In Darcy, the Dockers already own a formidable ruckman. To land Jackson, one would imagine that it would cost them two first-round picks and a long-term deal starting at $ 600,000-plus. It is a steep price, even if Jackson ultimately fulfills his potential, because he does not redress their most pressing weakness – the absence of an A-grade key forward.
Jackson is only 199 centimeters, which is undersized for a ruckman in an era when Gawn and others stand several centimeters taller. His appeal lies in the belief that he has remarkable agility at ground level, coupled with a decent aerial dimension, which means he can also play forward in spurts.
But for the Dockers – and even Melbourne – the question must be asked whether Jackson can play as a bona fide, starting 18 key forward. On exposed form, this is a doubtful proposition and that doubt ought to give Fremantle pause.
Melbourne, meanwhile, should likewise make Brayshaw their first contracting priority. While it is counter-intuitive to sign the midfielder / flanker before a much younger and talented tall, Melbourne’s period in flag contention makes it easier for the club to take a short to medium, rather than long-term view, on contracting – and in the event Jackson goes, the draft gain will be greater than for Brayshaw.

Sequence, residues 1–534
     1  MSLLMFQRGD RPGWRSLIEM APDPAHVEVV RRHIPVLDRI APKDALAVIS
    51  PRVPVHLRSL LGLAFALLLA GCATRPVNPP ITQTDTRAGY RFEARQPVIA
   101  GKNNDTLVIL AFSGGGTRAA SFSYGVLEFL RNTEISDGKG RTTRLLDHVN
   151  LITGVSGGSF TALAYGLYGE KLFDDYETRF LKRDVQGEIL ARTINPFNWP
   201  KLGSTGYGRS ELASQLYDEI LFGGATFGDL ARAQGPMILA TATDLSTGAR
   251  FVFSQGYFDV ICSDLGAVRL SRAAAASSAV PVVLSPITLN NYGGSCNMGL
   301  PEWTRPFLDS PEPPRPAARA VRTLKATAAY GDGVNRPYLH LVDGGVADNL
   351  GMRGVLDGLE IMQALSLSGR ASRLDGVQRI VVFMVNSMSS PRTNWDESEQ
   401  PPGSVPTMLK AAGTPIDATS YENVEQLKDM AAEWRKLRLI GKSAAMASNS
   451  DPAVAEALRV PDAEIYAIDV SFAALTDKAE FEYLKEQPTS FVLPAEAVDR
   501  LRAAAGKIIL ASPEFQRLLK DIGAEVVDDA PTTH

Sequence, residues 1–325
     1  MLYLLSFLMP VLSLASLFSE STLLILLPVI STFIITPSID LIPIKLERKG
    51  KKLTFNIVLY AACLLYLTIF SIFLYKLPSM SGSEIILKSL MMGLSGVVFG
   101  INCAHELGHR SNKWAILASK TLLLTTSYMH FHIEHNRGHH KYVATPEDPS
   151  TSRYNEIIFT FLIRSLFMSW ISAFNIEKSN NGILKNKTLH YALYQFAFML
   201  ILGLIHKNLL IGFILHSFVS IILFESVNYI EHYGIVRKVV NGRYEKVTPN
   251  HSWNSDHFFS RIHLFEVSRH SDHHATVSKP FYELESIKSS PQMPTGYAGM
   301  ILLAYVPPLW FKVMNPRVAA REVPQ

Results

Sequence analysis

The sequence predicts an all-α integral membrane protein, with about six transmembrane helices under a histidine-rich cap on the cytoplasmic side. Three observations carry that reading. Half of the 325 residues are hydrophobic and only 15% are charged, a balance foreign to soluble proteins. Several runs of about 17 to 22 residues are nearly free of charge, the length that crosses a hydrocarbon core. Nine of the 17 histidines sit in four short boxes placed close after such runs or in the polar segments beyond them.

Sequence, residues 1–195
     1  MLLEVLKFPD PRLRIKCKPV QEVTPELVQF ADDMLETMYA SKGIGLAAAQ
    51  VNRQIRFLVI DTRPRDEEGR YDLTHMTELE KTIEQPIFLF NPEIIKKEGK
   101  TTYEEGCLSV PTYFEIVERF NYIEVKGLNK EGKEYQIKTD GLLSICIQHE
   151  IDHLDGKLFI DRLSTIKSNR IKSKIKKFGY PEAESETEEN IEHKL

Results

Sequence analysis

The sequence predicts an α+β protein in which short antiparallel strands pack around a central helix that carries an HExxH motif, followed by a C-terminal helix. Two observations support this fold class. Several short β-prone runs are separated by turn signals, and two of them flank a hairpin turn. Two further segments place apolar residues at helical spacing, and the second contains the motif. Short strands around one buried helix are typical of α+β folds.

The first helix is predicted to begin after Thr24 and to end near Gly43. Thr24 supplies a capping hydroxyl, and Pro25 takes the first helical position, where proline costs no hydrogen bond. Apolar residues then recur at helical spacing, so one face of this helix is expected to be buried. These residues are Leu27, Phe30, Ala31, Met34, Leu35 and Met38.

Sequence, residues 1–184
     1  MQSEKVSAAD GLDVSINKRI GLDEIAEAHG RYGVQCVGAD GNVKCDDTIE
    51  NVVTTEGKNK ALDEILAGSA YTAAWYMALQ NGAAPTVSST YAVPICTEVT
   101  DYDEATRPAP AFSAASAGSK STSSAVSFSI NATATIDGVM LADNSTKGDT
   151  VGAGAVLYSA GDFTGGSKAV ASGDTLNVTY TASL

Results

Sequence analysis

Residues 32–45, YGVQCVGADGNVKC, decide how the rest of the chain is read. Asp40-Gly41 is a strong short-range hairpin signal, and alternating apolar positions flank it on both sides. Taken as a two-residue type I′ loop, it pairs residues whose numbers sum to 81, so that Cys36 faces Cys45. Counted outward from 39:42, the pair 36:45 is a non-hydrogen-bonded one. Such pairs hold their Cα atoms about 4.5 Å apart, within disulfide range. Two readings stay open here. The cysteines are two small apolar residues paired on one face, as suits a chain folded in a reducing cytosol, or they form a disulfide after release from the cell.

Jackson could well prove an outstanding player. At this stage, however, he’s clearly been promising as a second ruck – averaging 15 disposals, 10 hitouts and slightly over three marks per game in 2022, plus only eight goals in 13 games. The risk for a buyer is that he’s caught between ruck and key forward size and becomes a jack of both trades, but a master of neither.
The more positive outcome would be that, as a 199-centimeter ruck with a sizeable leap and mobility, he can emulate Paddy Ryder and turn into a highly valuable half of a ruck tandem.
If the game’s rule makers jettison or reduce boundary throw-ins via the creation of a last touch (really last disposal) rule, then Jackson’s value would rise.
The hype around Jackson – burnished by excessive praise for his grand final ruck work in the third quarter – is a further sign of a footy culture in which players are often paid or purchased on perceived potential rather than proven performance; it is the same logic that resulted in Tom Boyd being purloined from the Giants on a ludicrous deal, albeit Jackson will not come close to a Boyd bullion.
Genuine key forwards, potent inside-and-outside midfielders – eg Clayton Oliver and Christian Petracca – and a few key defenders are those whom clubs should place first in their pecking orders. Cool hand Luke Jackson, at this stage, is a luxury item for a top team, cream rather than cake.
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